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- RBA Rates to Rise in August? – Nonsense
- Property values will continue rising in 2022
- 2022 – the year of rising rents
- We’re in for a 2-tier property market moving forward
- More property investors will return to the market in 2022
- A flight to Quality
- Our economy will continue improving
- APRA will be watching the market carefully
- Most property predictions will be wrong
- The bottom line
We experienced a wild ride in property in 2021, didn’t we?
No one could have predicted the astonishing property price rises we enjoyed across the country.
So, what’s ahead for our housing markets in 2022?
Well, we’re only a short way into the year and already there are some wild predictions.
Just look at the news headlines and you’ll see both positive and negative forecasts appear in the same paper on the same day.
They vary from the Omicron variant of coronavirus causing our economy and property markets to crash, to a sharp decline in the national jobless rate will cause official interest rates to rise significantly sooner than the RBA planned to slow down a booming economy.
Watch this week’s Property Insiders chat with Australia’s leading housing economist Dr. Andrew Wilson to get his thoughts on the trends that will shape our property markets this year.
RBA Rates to Rise in August? – Nonsense
A sharp decline in the national jobless rate has predictably resulted in another wave of speculation suggesting the official interest rates may rise significantly sooner than the RBA’s current outlook.
According to the ABS, the national unemployment rate fell to 4.2% [seasonally adjusted] over December – the lowest rate is August 2008.
This low unemployment rate unsurprisingly fuelled predictions from the usual suspects of a surge in wages growth stroking higher inflation and resulting in the RBA interest rate increases this year.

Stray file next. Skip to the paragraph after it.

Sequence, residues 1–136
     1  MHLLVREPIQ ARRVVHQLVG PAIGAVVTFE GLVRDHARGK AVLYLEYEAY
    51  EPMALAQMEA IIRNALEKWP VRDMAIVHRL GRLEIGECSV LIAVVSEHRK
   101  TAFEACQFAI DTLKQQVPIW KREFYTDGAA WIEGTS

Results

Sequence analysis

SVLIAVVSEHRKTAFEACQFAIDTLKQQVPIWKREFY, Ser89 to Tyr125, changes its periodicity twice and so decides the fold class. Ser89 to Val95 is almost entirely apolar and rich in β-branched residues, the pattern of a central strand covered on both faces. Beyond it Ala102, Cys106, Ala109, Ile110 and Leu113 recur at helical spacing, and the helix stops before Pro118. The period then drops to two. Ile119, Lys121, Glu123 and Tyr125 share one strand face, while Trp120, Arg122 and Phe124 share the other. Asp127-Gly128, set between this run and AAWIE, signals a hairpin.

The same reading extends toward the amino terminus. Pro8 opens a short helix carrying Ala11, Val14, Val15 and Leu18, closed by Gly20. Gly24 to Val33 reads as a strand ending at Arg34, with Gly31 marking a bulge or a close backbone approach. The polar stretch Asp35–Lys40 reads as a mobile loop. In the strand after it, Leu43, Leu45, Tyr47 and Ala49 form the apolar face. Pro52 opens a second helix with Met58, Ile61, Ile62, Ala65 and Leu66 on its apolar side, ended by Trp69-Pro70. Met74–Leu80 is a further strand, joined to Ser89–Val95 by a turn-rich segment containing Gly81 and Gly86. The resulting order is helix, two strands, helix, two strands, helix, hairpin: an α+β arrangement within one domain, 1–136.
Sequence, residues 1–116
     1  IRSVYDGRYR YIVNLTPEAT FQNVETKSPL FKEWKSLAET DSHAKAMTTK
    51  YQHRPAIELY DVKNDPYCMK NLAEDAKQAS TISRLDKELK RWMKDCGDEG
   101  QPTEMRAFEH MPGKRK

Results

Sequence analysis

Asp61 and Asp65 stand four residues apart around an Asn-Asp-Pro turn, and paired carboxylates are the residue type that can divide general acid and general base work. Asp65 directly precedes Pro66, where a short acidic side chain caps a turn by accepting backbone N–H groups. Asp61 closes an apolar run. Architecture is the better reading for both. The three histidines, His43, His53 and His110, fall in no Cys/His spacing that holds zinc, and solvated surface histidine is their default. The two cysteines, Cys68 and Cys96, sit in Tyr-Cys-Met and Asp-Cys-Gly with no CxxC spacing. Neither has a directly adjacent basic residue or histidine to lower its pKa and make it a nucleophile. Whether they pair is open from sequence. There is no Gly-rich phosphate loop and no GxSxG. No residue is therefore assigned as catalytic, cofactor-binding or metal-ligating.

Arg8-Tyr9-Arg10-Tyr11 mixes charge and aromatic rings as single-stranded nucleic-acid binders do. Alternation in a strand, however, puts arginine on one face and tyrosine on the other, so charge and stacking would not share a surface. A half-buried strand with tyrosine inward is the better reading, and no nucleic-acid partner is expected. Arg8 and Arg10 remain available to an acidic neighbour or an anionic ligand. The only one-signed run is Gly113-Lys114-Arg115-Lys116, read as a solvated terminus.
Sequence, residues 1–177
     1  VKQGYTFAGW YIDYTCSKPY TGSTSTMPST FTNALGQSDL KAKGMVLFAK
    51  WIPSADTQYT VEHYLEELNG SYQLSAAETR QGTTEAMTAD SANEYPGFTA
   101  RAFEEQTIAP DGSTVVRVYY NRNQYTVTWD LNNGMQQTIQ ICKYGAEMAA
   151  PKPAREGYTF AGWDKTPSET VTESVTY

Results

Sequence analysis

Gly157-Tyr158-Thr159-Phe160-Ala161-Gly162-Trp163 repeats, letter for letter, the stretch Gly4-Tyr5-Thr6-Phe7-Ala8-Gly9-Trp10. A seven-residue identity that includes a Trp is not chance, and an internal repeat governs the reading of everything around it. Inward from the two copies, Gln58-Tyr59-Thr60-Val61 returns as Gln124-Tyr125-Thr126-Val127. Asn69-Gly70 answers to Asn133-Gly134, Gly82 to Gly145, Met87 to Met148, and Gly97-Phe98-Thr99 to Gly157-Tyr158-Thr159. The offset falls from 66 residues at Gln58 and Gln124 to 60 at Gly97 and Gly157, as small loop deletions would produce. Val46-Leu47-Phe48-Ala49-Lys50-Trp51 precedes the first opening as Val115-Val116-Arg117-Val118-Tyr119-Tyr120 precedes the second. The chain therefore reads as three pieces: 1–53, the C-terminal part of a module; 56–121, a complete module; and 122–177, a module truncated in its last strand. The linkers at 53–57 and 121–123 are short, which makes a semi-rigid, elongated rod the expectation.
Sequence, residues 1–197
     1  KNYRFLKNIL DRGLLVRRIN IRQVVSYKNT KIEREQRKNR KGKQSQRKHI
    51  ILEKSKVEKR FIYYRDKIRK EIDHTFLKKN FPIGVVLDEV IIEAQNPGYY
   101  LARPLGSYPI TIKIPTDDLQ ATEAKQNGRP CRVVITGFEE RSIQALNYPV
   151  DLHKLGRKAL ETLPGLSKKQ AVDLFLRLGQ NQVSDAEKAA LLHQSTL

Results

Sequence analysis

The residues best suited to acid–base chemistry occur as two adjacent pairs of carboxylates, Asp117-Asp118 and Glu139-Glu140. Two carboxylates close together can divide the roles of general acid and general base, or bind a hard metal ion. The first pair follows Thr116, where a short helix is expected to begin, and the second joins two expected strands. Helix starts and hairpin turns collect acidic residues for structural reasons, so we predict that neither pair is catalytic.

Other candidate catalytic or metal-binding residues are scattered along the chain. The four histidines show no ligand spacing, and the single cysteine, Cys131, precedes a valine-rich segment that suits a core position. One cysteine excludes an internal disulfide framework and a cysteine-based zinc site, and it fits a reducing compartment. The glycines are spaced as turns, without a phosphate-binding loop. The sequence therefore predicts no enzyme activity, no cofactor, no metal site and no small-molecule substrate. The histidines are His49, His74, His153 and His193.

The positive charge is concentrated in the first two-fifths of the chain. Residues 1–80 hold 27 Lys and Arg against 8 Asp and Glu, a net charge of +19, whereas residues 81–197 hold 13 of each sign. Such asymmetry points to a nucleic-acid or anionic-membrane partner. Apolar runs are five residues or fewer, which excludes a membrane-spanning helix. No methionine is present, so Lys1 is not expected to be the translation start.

Watch this week’s property inside a video is Dr. Andrew Wilson explains why the short-term outlook for the national labour market remains patchy, reflecting the self-imposed, voluntary lockdowns which are set to impact economic performance through January February, and perhaps beyond.
Reflecting current data, the latest RBA statements, and depressing covid outlook predictions, of official interest rate rises as soon as August is clearly non-sensical according to Dr. Wilson.
Property values will continue rising in 2022
While our property markets slowed down their extraordinary growth as the year ended, there is still significant momentum left and 2022 promises to be another good year, but the rate of acceleration in property prices will slow.
While the interplay of many factors affects property values, the main drivers of property price growth are consumer confidence, low-interest rates, the availability of credit, economic growth, and a favourable supply and demand ratio.
As always, there are multiple real estate markets around Australia, but in general property values should increase throughout 2022, but at a slower rate of growth than 2021.
If history repeats itself, the Federal election which will be held in May will stall the property markets from the time it is announced.
And then life will get back to normal whatever the eventual election result will be.
2022 – the year of rising rents
Rents should also keep increasing in 2022 as vacancy rates tighten as there is currently a desperate shortage of good rental accommodation around Australia.
Adding to this, when we see our international borders open again and immigration is allowed to resume, we will see a surge in population that will put a strain on our housing markets.
We know the government is keen to attract skilled workers and students, so by sheer weight of numbers, Melbourne and Sydney will be the largest recipients of this population boom.
We’re in for a 2-tier property market moving forward
While most property markets around Australia have performed strongly so far this cycle (other than the inner city of high-rise apartment market), moving forward the rate of property price growth will slow and there are several reasons for this including:
Affordability issues will constrain many buyers.
- The impetus of low-interest rates allowing borrowers to pay more has worked its way through the system now and with property values being 20- 30% higher than at the beginning of this cycle at a time when wages growth has been moderate at best, and minimal in real terms for most Australians, this means that the average home buyer won’t have more money in their pocket to pay more for their home.